In spite of the lack of explicitly religious content, Song of Songs can also be interpreted as an allegorical representation of the relationship of God and Israel, or for Christians, Christ and the Church or Christ and the human soul (Cited from Wikipedia).
What struck me was the sincere passion these two characters within this book had for each other. Like all good internet junkies I googled “love”… Continue reading “Love and Riddles: How often do you say you love someone important to you?”
So this past weekend Tyghe and I went to Vietnam, Ho Chi Minh City (a.k.a. Saigon) for a frisbee tournament. The city itself is very different than Bangkok, it has more of a European flair/influence in the architecture of many buildings and baguettes on every corner. There are also millions of motorbikes…I think they outnumber cars. Attempting to cross the street was harrowing at first because the cars and bikes never really stop they simply just ‘magically’ part as you walk slow and steady across the street. As soon as you got used to that, walking around became easier. We stayed in Backpacker central which is equivalent to Khao San Road in Bangkok and it was interesting a lot of cool bars and cafes. I had high hopes of doing some exploring there but unfortunately we ran out of time…can only take so much time off work as it is. But we were there to play some frisbee and did we ever!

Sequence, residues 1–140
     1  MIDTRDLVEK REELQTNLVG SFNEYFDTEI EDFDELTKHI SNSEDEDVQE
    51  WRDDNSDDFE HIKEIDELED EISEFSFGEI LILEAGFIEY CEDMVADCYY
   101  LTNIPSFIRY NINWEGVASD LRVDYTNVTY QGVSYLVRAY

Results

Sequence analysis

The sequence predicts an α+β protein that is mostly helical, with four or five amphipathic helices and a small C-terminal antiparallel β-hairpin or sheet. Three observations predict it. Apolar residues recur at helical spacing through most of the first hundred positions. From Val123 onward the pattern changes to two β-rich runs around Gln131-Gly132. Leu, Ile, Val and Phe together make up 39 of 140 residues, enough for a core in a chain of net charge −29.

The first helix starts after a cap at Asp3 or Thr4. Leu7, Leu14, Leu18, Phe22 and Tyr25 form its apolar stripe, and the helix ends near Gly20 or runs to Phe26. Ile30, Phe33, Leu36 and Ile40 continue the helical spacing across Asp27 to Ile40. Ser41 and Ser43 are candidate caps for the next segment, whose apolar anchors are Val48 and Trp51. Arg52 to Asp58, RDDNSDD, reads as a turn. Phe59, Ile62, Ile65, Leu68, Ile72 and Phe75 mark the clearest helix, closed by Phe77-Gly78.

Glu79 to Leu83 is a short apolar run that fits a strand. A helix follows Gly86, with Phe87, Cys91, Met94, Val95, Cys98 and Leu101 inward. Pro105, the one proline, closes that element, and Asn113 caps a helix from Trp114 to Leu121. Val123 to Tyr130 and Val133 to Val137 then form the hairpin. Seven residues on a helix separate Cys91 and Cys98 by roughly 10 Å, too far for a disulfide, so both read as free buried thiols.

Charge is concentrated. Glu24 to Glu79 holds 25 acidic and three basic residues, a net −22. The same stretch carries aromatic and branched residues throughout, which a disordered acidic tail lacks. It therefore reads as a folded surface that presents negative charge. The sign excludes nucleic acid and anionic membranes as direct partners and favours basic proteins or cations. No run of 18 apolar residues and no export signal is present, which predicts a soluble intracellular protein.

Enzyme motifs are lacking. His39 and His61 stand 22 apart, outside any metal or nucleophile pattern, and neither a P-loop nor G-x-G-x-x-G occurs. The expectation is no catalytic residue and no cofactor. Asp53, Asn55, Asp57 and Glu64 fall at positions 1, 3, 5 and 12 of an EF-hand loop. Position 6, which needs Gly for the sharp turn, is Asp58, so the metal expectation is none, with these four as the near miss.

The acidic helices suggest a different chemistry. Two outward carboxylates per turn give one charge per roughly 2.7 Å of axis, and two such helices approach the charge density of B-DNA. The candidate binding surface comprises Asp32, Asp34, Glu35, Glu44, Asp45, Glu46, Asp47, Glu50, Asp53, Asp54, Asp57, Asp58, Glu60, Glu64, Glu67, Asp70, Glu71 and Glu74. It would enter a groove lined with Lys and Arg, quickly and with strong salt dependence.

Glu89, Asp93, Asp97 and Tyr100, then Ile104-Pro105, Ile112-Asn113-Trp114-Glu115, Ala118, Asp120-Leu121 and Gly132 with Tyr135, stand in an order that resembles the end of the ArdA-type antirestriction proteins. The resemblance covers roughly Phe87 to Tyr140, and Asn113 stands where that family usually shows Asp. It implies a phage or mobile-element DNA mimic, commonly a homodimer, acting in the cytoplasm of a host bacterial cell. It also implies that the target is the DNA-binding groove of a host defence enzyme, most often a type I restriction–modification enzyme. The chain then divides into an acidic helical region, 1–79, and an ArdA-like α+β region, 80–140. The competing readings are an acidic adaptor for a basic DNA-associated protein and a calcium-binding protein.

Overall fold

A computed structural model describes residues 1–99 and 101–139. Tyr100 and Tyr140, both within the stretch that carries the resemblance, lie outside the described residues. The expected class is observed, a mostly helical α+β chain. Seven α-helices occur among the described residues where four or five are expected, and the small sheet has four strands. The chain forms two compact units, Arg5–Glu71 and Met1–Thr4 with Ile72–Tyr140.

So here’s a snapshot of the trip/tournament from the point of view of a relative ‘newcomer’ to the frisbee world on her first out of country (I live in Thailand) hat tournament…
Continue reading “Play by play, frisbee in Vietnam”
So it’s been a good while since I have posted anything as I’ve been attending a conference in Philadelphia, PA put on by the American Society of Tropical Medicine and Hygiene. Following the denouement of the conference I found myself at El Vez restaurant, awesome restaurant by the way, just down from my hotel sipping on a very strong (apparently) pomegranate margarita and going over my notes whilst eating lunch. And for those of you following my blog and know I’m fasting–before you cry foul, this week I’m off it due to a number of reasons but will promptly re-initiate when I return to Bangkok. When one is fasting for a year…actually turns out to be a little longer, I have to allow myself a certain modicum of sanity. Or rather preserve what I have. In anycase, back to matter at hand…
So I’ve been at this conference for the past week and it’s proven very informative though I feel like a small genetic fish swimming in a sea of immunology and epidemiology which is a bit disconcerting, especially since I come from a completely environmental background with minimal medical/clinical knowledge.
Now I am a genetic data cruncher who enjoys population level analysis with some mathematical modelling thrown in for good measure…
I know right? The personal ad practically writes itself. Continue reading “Assessing the pathogenic potential of people”